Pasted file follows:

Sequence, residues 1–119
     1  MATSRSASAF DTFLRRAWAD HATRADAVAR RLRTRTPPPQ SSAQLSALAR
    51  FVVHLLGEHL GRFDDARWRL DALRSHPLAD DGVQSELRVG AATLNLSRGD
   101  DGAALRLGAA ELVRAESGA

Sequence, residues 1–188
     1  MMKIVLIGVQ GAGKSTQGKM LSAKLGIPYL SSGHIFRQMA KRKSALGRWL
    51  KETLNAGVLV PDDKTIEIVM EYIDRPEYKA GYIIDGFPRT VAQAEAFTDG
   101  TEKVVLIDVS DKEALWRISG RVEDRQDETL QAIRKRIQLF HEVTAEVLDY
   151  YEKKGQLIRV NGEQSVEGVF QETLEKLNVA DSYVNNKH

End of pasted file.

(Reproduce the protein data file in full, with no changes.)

Sequence, residues 1–119
     1  MATSRSASAF DTFLRRAWAD HATRADAVAR RLRTRTPPPQ SSAQLSALAR
    51  FVVHLLGEHL GRFDDARWRL DALRSHPLAD DGVQSELRVG AATLNLSRGD
   101  DGAALRLGAA ELVRAESGA

Sequence, residues 1–188
     1  MMKIVLIGVQ GAGKSTQGKM LSAKLGIPYL SSGHIFRQMA KRKSALGRWL
    51  KETLNAGVLV PDDKTIEIVM EYIDRPEYKA GYIIDGFPRT VAQAEAFTDG
   101  TEKVVLIDVS DKEALWRISG RVEDRQDETL QAIRKRIQLF HEVTAEVLDY
   151  YEKKGQLIRV NGEQSVEGVF QETLEKLNVA DSYVNNKH